Tuesday, 30 April 2013

Day 3. Macclesfield to Monsal Head

Hello, I'm a bit late with this tonight, as I was late finding a bed. I can't tell you how far I've walked today, bikehike is playing up, but it's a flippin long way. I got to Buxton mid afternoon, far too early to stop, so I carried on, in the hope I would make it to Bakewell. A bit of a long shot, but I had to try, as there are hardly any places in between that have a B & B. I didn't reach Bakewell, but found a small hotel at Monsal Head.
I noticed that Anon left a comment asking why I didn't do the research on the internet first, to find cheap accommodation. The answer is that I don't know how far I am going to walk each day. I don't know what time I am going to set off each morning, I don't know how many hills I'm going to climb which slows me up. I don't know how long my feet are going to hold out. I don't know if I'm going to get lost and lose time finding the way. I don't know how long I'm going to walk for each day. I don't want to prebook and then have to walk to a timetable. The idea is to have complete freedom in where I go, and which route I'm going to take. Besides all that, the reason I am frugal in my day to day living, is to give me money to do trips like this. 
So, this morning I set off from Macclesfield just after 9am. I am heading for Buxton, but I am not going to turn right here, I'm going to follow the B5470, and turn off on a narrow road called Cliff Lane.  
I passed a small holding, they had hens, ducks, and goats. 
This was an unusual gate, the artist calls it an artwork, it certainly looked arty. It wasn't an entrance to anything, just a small patch of grass. Nearby was a plaque with the artists details on it, if anyone passing would like to buy one they can contact him. A novel way of advertising his wares.
Jam and chutney for sale here, all proceeds to go to keeping the walled garden tidy. Put your money in the honesty box, and don't steal anything.  
I've climbed a bit further out now, looking back over Macclesfield. 
The track on the right has been badly eroded over many years, lots of loose stones makes it very difficult to walk comfortably. They are building a new track alongside it and have cut down a lot of trees on the edge of the forest, and put some fencing up. The ground is much softer there. 
Yes it's been a sunny day, and yes I've had my shorts on all day. This is the A6, close to the Cat and Fiddle pub.
And this is the Cat and Fiddle, a famous landmark in Derbyshire.
Just as I was coming into Buxton, I saw some red lambs, down there in the distance. I don't know if they had jackets on or the farmer has painted them red. I have heard that farmers are resorting to painting their stock bright colours due the the increase of rustling.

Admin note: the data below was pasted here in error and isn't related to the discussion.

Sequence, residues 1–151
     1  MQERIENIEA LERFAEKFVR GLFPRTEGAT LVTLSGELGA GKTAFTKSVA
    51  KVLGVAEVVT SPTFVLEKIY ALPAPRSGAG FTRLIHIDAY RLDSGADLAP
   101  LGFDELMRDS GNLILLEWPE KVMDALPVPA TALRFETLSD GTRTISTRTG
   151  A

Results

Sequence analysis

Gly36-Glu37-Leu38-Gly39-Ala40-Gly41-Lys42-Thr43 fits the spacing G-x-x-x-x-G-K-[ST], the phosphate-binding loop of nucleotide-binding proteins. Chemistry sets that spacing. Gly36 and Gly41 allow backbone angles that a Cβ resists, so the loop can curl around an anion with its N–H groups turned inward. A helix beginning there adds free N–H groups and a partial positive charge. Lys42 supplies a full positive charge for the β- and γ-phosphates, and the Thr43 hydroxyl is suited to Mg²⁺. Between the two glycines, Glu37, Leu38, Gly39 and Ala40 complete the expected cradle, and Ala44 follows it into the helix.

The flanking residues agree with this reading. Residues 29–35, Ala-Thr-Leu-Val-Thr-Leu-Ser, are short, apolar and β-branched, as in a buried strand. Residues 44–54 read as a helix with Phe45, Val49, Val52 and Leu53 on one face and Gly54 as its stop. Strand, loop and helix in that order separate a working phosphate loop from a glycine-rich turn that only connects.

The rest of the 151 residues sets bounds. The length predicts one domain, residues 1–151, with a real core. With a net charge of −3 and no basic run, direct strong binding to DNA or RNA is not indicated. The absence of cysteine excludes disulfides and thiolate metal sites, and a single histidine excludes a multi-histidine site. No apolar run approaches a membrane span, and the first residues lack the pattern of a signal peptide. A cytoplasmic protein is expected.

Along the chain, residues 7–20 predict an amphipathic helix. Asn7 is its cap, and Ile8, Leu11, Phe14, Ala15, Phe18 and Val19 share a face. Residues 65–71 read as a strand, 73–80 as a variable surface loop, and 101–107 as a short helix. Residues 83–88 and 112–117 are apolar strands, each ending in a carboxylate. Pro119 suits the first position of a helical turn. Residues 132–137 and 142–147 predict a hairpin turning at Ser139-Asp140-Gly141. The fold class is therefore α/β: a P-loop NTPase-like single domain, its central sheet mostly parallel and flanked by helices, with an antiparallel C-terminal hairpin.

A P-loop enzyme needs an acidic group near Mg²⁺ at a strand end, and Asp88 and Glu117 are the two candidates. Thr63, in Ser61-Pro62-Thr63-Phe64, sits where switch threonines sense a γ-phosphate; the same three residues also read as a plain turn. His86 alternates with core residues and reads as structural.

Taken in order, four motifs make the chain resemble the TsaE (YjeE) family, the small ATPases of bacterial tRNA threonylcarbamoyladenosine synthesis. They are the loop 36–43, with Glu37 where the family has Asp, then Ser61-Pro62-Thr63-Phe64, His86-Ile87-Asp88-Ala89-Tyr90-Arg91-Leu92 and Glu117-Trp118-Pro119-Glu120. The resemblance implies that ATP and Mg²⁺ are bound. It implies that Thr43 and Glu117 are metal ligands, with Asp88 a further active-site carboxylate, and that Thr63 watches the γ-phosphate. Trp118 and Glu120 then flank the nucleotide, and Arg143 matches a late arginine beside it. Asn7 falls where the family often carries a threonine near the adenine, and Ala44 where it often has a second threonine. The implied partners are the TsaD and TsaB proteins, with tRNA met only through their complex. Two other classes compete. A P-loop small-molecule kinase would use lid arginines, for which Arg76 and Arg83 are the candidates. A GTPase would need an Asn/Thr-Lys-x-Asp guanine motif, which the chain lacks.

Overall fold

This is Buxton Pavilion. I called in here, to ask at Tourist Information if they could find me some accommodation half way between there and Bakewell, they couldn't. That's why I carried on walking, it was too early to pack up, and besides, I know from past experience that it is very costly to stay in Buxton. 

Lovely gardens surround the Pavillion.

So, out of Buxton on the A515, I did a left turn to get onto the Gritstone Way to Cowdale. I went underneath the right hand arch of this viaduct. 
I picked up the route that I previously used in September, a bit boring but I didn't have time to get lost. I slogged it along the Monsal Trail, my little legs going faster and faster as I tried my hardest to get to Bakewell. It got to 7pm and I knew I was beat, and came off the trail at Cressbrook, to take the road, just in case I came across a B & B sign anywhere. I took this pic as I came into Cresswell. 
I rang Tracey, a lady I know from Walking Forum. She suggested Monsal Head pub, or a small hotel opposite. It was a steep climb up to the top of the Head, I should have stayed on the Trail a bit longer, then I wouldn't have had to do that climb. Here is the view, the Trail goes over the viaduct. The light wasn't very good as the sun had gone down at this point. I will take another one tomorrow morning. 
I was glad to get this room tonight, my feet are a bit sore, and I've had to put some padding underneath my shoulder straps to stop the rucksack digging in. The two blisters on my left foot are almost gone, only to be replaced by two more on my right foot. Breakfast is at 8.30, so I'll be off about 9,30. When I get to Bakewell that will be where I stopped last time, so it will be unknown territory from then on, so who knows where I will be tomorrow night.
Toodle pip.

24 comments:

  1. Interesting gate, wood or steel?

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  2. The goats and gate get my vote. Night night.
    Jane x

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  3. Absolutely beautiful pic's!

    I love the gate, Love the honor system..we have a garden guy here that does that. We always add a bit more cause he's so good at keeping us in garden veggies during the summer months.

    Thanks for taking me along with you!